Episode 421: The Back to the Future Trilogy is the Almost Perfect Trilogy


I recently realized I have never seen any of the Back to the Future movies! It hit me all at once while I was scrolling through Netflix over the weekend looking for something to watch and, BAM! Netflix just so happened to recommend Back to the Future: Part II. Why it decided on Back to the Future: Part II and not the 1st movie nor the 3rd film is anybody’s guess. I did put a search for it and the entire trilogy of movies was on Netflix so I can’t really understand why it would suggest the 2nd movie without telling me the 1st was there as well.

Anyway, I am incredibly familiar with the Back to the Future. I know all about the Delorean, the hoverboard, flying cars and all that from the tons of parodies television shows like Family Guy has made over the years. However, it’s just weird how I never actually watched the movies they were based off. I decided to rectify the situation and hunkered down to watch all the films.

I was not disappointed. I can definitely see why Back to the Future is considered to be a timeless classic and why, even though the films were released around 20 to 30 years ago, they still work well today. I would even say the Back to the Future Trilogy films are almost perfect. Almost.

Now, don’t let the word “almost” faze you. I’m saying the Back to the Future films are all incredibly good and are on a whole different level than a lot of other movies. I loved all of them and the series stands head and shoulders above a lot of other successful movie franchises. I’m just saying there are still a few niggling things which keeps me from saying they’re perfect.

I guess it would be only appropriate to start talking about the things I positively loved about the Back to the Future movies as a whole since there are soooooo many reasons why the films are all so good. The thing that stands out to me are the main characters, Marty McFly and Doc Brown. They’re both played excellently by Michael J. Fox and Christopher Lloyd. The chemistry between the two is just phenomenal and I totally bought the ludicrous proposal that a teenage skater boy would be best buds with a eccentric mad scientist. Wouldn’t happen in real life but, in Back to the Future, I believed it was possible with these two characters.

I also have to give a ton of kudos to the special effects team and props to the prop department for doing some crazy and imaginative world building in all the films. Having to construct a full-sized set wherein it was possible to drive cars all around must have been a monumental task in itself and then having to redress the sets to make them look like they belong in 1955, 1985 and 2015 must’ve added to the pressure. Looking at the resulting product, though, I say they all did an incredibly good job for the most part.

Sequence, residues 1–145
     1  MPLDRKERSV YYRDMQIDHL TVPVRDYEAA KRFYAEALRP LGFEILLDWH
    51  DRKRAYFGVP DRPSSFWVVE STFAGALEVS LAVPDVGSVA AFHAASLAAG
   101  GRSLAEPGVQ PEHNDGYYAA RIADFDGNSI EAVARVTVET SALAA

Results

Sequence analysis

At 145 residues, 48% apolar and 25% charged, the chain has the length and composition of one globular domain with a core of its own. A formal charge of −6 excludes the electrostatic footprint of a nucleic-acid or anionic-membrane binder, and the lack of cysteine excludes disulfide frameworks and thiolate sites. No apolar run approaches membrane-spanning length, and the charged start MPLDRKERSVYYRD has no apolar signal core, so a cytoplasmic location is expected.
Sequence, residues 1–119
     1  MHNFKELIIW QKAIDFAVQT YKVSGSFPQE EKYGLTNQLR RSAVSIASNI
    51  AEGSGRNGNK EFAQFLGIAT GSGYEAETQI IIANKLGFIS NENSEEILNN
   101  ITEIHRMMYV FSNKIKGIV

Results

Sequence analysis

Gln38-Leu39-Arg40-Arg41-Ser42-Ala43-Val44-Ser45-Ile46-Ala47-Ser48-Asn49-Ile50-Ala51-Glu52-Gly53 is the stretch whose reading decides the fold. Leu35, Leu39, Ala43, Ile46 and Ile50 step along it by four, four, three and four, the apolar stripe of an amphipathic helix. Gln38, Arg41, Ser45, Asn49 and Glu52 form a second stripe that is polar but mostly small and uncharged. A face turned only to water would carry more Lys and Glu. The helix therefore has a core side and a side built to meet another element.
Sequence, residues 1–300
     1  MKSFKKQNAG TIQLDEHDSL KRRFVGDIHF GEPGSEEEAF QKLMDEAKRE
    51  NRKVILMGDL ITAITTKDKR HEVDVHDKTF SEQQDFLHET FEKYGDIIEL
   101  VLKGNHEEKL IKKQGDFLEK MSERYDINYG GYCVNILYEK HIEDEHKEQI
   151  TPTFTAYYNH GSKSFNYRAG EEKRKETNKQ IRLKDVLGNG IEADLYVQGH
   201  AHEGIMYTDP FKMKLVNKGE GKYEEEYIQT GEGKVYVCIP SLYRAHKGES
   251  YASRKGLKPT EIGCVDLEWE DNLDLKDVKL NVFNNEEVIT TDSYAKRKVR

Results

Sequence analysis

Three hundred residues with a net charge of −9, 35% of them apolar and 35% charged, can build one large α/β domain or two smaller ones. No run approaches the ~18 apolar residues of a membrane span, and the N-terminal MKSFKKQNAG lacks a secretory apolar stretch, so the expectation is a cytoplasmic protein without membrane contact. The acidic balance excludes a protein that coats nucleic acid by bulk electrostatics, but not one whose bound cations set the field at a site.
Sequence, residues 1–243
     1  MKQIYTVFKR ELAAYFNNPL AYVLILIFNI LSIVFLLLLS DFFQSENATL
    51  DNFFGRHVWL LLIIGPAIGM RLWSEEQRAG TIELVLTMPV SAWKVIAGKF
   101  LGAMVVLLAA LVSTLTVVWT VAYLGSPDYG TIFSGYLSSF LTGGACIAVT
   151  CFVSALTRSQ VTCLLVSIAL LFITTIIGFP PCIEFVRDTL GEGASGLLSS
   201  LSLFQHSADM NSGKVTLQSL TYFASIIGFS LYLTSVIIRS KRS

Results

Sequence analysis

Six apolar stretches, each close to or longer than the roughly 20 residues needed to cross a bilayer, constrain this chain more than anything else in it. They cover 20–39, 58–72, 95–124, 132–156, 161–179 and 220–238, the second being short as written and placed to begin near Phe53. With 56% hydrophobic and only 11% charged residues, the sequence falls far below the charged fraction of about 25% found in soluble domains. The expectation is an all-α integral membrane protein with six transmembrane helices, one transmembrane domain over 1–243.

I especially love all the work they did in the future set and props as seen in Back to the Future: Part II. There’s a certain level of goofiness with their then predictions of what we’ll have in 2015. Calling them “predictions” seems off, though, because I don’t think that was the intention. It’s just more of a generic notion of what we all want to see in the future to make it feel like the future. We all want flying cars, hoverboards, machines that control the weather with exact precision and the like. It’s simply nice to dream about them even though, realistically, technological innovation never really seems to move as fast as we want them to be. It’s more of a visual gag and not really what the filmmakers expected to see in the future.

I also fell in love the Delorean, the vehicle used by Doc Brown to get to the necessary 88 miles per hour to initiate time travel. You can sort of say it’s the 3rd real star in the films besides Marty McFly and Doc Brown! I’ve never heard of the car before and, for some time, I actually thought it was a Toyota Trueno AE86 from Intial D but painted all silver and chromed out. I didn’t know there was a car like that! Looking at the Delorean with Back to the Future in mind, I can see why. After all, to quote Doc Brown, if you’re going to build a time machine into a car, why not do it with some style?

Tying all of these together are some of the tightest stories involving time travel and a super entertaining script. Writing a story about time travel always seems like a messy business as there’s always going to be someone who’ll point out the flaw with the entire cause and effect scenarios and how altering the past will have major changes in the present. All of the Back to the Future films somehow manages to skirt all of the problems because of how laser focused the stories are on both Marty McFly and Doc Brown. It’s mostly them making or trying to undo the changes so you never really think about how the smallest changes they make should affect the world outside Hill Valley, the town where all the films take place. It’s all explained with a lot of vim and vigor and, even when the explanations shouldn’t make sense, it somehow does or you learn to forgive any possible continuity errors the make because it’s just so darned entertaining!